Sunday, August 5, 2012

Making Food More Sustainable - Chicken, Potatoes, and Corn

This is my second post in the Making Food More Sustainable series. My previous post on breakfast burritos can be found here. Today I had grilled chicken, roasted potatoes, and corn for dinner, so I am going to be looking more closely at how this meal might be made more sustainable in the future. The ingredients used in the meal include: chicken breast, Creole Salt seasoning, potatoes, butter, and corn.


We don't have a consistent source for chicken at this point. Sometimes we buy it from the Good Foods Market, and other times from a "normal" grocery store. Whenever possible we like to buy organic, free-range chicken.

Even though we hope to get chickens in the near future, we do not plan to raise the chickens for meat. While I keep the option open in the back of my mind, we just aren't ready to raise and butcher our own meat at this point. Until the time comes that we're ready to raise our own chicken we will continue purchasing our chicken from others. While purchasing organic, free-range chicken is a good step, I would look to find a local source for chicken, preferably buying directly from a farmer if possible.

Creole Salt

We use a variety of different spice blends when grilling chicken. Today we used Creole Salt, which was purchased from a vendor at the Lexington Farmer's Market. Andrea usually makes our spice blends, but we do like to buy new ones from time to time to try. We've purchased a couple of other blends from this particular vendor, all of which have been tasty.

The first improvement we can make with the spice blends that we use is to always make them ourselves. This should not be very difficult since Andrea makes most of them anyway, with just a few exceptions. The spices that we use are normally purchased in bulk from the Good Foods Market, which is probably one of the better places we could buy the spices from. The next improvement we could make is to replace some of the spices with home grown herbs, although I don't think we'll ever be able to replace all of the spices we use with home grown varieties.


The potatoes that we used today were purchased at the local farmers market. We didn't use the potatoes that we grew in our garden because they are so small. We do still have one variety to harvest, however, so those might be a bit bigger, but it was too wet to dig those today. We hope to eventually raise enough potatoes to last most, if not all, of the year, so we do not have to buy them. This will require a good root cellar for storage, however, which is something we do not currently have.


The corn that we used today was purchased last year at the Richmond Farmer's Market. We bought several dozen ears, and then stored it in the freezer. We still have quite a bit left, but need to buy more this year to put away for next year. We hope to plant corn next year, so hopefully this year will be the last that we need to buy it in bulk like this, although that depends on how well our first corn crop performs.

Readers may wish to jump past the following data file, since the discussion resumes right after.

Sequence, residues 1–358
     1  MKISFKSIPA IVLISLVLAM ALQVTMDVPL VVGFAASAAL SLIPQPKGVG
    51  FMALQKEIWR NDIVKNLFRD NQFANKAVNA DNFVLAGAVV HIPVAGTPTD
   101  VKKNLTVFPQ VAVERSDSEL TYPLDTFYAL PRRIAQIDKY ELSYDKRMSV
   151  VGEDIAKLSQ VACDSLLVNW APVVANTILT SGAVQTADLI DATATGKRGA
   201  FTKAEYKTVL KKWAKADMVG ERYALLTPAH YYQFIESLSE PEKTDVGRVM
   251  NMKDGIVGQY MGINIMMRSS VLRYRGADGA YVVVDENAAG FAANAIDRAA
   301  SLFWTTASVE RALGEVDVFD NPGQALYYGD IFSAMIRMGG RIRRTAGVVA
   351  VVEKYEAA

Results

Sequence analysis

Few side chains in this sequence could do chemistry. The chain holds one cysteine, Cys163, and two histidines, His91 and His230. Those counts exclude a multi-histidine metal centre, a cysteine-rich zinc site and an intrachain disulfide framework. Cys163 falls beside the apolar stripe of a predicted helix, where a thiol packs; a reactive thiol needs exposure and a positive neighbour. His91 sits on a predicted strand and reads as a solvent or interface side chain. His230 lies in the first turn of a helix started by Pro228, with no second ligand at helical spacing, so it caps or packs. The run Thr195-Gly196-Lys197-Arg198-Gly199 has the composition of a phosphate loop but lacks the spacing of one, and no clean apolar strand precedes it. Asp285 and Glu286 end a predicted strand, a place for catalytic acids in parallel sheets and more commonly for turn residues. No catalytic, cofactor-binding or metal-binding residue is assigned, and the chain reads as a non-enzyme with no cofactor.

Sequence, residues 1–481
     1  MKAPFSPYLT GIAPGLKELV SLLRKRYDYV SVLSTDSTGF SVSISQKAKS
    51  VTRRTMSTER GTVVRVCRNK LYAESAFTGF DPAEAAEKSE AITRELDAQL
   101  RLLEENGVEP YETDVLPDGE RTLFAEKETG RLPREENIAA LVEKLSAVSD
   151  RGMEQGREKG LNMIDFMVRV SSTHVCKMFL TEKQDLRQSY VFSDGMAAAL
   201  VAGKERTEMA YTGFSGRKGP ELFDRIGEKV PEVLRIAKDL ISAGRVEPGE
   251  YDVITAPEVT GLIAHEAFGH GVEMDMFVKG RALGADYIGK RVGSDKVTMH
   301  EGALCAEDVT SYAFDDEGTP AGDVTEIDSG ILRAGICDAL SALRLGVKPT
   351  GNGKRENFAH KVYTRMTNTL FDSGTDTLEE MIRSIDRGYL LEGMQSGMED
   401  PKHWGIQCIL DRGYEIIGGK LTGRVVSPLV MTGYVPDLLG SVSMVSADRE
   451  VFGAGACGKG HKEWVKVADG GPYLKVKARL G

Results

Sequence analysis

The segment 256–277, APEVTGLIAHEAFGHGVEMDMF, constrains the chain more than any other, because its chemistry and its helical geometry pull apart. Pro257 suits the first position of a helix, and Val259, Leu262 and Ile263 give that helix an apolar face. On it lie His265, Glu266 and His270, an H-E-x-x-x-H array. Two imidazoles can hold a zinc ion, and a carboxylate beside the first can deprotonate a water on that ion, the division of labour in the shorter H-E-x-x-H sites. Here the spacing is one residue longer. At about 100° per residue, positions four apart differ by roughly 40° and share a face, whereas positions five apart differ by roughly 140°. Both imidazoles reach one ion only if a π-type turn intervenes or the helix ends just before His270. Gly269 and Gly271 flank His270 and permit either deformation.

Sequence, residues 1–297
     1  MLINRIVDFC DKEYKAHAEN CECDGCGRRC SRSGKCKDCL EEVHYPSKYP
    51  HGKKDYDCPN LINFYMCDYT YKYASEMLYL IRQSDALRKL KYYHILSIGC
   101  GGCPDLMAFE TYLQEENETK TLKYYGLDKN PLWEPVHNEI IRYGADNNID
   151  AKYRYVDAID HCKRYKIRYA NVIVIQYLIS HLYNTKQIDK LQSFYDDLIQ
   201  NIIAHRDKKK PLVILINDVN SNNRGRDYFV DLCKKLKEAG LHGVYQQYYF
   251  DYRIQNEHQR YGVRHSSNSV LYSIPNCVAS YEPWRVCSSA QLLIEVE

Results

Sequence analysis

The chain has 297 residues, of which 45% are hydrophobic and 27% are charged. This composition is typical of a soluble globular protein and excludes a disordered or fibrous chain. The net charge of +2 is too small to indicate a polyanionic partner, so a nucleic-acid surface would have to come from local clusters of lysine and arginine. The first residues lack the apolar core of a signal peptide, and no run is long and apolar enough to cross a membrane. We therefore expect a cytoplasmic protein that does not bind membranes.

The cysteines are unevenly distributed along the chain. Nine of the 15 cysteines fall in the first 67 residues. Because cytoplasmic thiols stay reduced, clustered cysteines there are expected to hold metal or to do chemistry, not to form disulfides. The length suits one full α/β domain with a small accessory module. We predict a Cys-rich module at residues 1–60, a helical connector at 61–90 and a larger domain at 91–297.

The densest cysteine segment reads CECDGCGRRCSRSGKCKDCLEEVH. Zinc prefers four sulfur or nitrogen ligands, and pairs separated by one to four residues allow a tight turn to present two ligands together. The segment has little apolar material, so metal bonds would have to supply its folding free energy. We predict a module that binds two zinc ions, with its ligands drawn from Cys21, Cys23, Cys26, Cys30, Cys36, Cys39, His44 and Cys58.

Butter is another item that we do not have a consistent source of. We like to buy butter from the Farmer's Market when possible, or, if not there, from the Good Foods Market or Happy Meadows Natural Food Store. We bought some last month at the Field to Fork Festival, but that has been used up and what we are using now was purchased from the local grocery store.

The best thing we can do short term to improve on the butter we use is to always buy from a Farmer's Market or a grocery store like the Good Foods Market. I feel much better about buying from one of those sources, as I know they sell local products. A long term solution might be to learn to make homemade butter, but I know nothing about the process. I don't see that as being practical without a milk source, however, so unless we decided to get a milk cow, its probably not something that is worth pursuing.

This meal is one that would be theoretically possible to make entirely from ingredients we either grew or raised ourselves. Being able to do that is certainly not something that will happen for a long time, if it ever does. It is nice to know, however, that it is a possibility, no matter how unlikely.


  1. Speaking of butter and other dairy products, I've been meaning to ask you about your livestock plans. I overheard you and Andrea talking at F2F about making cheese, and I know you're interested in possibly raising alpacas, so I was wondering whether it might be possible to use alpacas as a dairy source. I know people milk alpacas, and I've read about soaps made with the milk, but apparently alpaca milk isn't widely consumed. I've encountered only one mention of butter, and nothing about cheese. Have you given it any thought?

    1. No, I had not given that any thought. We had discussed the possibility of getting some goats to milk to use for soap making, but that isn't something we've talked about seriously yet.